• Wearing a historical costume? If this costume is meant to be historical, does it further misinformation or historical and cultural inaccuracies?

• Wearing a ‘cultural’ costume? Does this costume reduce cultural differences to jokes or stereotypes?

• Wearing a ‘religious’ costume? Does this costume mock or belittle someone’s deeply held faith tradition?

• Could someone take offense with your costume and why?

I hope you all appreciated as much as I did the lip service reference to free expression. The rest of the email, of course, is a grand wallow in political correctness that kowtows to trigger warnings and the horrors of microaggressions. (By the way, I want to apologize for the cultural appropriation in the preceding sentence. The word “kowtow” is a Chinese word, and one that I, a white person, have not formally been authorized to use.)

You probably also know that the fecal matter really hit the fan when Erika Christakis, a lecturer in her own right and the wife of a professor who is also a dorm adviser, wrote a very politely phrased email to the residents in her husband’s dorm suggesting that students in the Yale community would be better served if they lowered their antennae and stopped being quite so sensitive about . . . well, everything. Had I written that letter, I doubt I could have maintained such a polite tone. Despite her placating manner, Christakis was excoriated as was her husband who, after first defending her, later apologized for being insensitive. (It’s no surprise that the professors and administrators back down. They’re the ones who created, and quite possible believe in, the toxic ideological stew in which the students marinate.)

What I wonder, though, is how many people paid attention to Christakis’ specialty or the way she wove that specialty into her discussion about students learning to tolerate things that might rub them the wrong way. Christakis is an Early Childhood Educator and, as she explains in the email, she also used to be a preschool teacher.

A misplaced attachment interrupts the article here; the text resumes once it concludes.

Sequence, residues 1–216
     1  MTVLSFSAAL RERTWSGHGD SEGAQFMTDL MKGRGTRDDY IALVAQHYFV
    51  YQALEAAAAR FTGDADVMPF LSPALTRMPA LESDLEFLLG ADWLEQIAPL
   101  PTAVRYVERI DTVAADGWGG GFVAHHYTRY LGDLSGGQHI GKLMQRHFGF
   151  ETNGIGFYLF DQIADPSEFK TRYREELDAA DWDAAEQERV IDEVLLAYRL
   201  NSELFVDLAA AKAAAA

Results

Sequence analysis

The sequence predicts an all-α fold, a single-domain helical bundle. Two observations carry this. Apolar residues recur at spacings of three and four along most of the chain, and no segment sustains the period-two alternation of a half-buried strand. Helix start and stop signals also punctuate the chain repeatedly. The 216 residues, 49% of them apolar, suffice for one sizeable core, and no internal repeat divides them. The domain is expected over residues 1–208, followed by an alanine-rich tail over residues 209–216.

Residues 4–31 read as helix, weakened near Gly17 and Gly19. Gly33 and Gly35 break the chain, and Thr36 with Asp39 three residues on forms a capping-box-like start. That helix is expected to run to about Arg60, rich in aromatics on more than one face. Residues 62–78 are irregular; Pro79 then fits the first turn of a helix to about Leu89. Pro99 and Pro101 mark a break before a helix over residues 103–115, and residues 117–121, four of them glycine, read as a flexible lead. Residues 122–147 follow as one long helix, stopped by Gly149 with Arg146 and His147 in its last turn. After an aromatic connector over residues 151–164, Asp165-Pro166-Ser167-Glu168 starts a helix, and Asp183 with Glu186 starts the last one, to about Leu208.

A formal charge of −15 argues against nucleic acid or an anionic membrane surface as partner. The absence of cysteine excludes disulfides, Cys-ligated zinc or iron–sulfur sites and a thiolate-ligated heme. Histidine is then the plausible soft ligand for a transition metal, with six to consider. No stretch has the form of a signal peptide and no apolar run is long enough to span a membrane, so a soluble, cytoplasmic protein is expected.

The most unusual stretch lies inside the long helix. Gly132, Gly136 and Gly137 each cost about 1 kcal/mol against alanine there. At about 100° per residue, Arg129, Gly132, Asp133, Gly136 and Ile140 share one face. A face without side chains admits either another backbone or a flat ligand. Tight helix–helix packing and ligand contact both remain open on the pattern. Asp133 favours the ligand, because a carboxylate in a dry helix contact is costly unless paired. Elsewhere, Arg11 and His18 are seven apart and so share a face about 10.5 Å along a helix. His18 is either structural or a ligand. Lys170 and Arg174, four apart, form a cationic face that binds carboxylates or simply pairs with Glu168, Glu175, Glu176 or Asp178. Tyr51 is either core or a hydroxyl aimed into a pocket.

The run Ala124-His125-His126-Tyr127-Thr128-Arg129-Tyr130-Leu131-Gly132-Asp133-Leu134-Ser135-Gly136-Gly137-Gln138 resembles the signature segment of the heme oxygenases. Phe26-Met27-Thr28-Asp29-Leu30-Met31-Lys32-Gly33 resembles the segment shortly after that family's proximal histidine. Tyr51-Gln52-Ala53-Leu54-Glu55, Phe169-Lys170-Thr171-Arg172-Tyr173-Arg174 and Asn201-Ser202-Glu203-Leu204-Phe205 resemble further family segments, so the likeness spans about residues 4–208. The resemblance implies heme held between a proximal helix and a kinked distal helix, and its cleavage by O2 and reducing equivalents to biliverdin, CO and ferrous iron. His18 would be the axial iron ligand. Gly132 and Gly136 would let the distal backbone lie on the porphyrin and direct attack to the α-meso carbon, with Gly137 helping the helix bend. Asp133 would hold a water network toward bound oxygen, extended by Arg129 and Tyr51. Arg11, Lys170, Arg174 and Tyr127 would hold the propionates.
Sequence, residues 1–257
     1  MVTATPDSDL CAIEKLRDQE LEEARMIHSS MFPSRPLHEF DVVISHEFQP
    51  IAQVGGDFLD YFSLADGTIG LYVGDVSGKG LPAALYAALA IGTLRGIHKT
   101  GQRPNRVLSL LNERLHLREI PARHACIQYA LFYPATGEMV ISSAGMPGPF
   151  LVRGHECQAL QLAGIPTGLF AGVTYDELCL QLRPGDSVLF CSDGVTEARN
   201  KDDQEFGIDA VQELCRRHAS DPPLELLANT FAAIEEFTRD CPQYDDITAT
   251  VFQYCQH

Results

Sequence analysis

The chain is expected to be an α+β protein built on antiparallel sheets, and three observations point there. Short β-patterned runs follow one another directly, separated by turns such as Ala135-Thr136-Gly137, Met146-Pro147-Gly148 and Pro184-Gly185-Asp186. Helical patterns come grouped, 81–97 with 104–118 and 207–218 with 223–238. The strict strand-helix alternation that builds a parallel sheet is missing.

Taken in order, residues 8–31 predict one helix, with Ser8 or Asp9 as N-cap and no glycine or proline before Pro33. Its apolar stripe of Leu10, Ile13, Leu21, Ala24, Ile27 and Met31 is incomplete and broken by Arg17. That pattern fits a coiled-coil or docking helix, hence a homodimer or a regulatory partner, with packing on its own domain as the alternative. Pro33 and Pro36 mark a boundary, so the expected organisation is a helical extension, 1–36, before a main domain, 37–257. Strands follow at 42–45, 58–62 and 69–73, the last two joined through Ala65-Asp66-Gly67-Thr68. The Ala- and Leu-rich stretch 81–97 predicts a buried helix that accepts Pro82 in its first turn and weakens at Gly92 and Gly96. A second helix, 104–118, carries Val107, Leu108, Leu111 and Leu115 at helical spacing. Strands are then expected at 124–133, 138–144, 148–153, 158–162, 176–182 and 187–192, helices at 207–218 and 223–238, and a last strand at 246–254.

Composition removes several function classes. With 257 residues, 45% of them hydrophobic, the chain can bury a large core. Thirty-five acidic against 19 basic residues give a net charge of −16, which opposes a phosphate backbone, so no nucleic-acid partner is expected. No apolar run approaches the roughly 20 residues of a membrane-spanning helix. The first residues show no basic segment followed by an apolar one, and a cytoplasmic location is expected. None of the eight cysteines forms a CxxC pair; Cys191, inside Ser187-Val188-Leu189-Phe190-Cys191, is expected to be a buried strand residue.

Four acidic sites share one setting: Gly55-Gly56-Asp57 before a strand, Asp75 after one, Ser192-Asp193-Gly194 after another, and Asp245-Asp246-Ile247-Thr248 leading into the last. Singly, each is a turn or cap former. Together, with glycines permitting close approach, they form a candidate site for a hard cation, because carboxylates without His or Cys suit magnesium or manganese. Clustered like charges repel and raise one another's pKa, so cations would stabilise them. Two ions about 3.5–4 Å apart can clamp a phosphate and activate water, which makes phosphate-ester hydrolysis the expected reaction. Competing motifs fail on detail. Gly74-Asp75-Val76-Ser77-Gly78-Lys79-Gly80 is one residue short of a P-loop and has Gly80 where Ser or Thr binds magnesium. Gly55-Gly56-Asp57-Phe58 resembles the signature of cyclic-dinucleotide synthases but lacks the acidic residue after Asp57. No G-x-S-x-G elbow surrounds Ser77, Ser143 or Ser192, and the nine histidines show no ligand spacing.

It was not accidental that, in the first part of this post, I made several references to elementary school. I wanted to highlight the infantile level of student discourse.  Christakis did the same thing, although in a fawning, “please don’t hit me” way. Thus, she compares the students’ hypersensitivity to Halloween costumes to a failure to develop properly when it comes to playing nicely with others, and suggests (tactfully, very tactfully) that they would do well to mature away from that developmental stage:

As a former preschool teacher, for example, it is hard for me to give credence to a claim that there is something objectionably “appropriative” about a blonde-haired child’s wanting to be Mulan for a day. Pretend play is the foundation of most cognitive tasks, and it seems to me that we want to be in the business of encouraging the exercise of imagination, not constraining it. I suppose we could agree that there is a difference between fantasizing about an individual character vs. appropriating a culture, wholesale, the latter of which could be seen as (tacky)(offensive)(jejeune)(hurtful), take your pick. But, then, I wonder what is the statute of limitations on dreaming of dressing as Tiana the Frog Princess if you aren’t a black girl from New Orleans? Is it okay if you are eight, but not 18? I don’t know the answer to these questions; they seem unanswerable. Or at the least, they put us on slippery terrain that I, for one, prefer not to cross.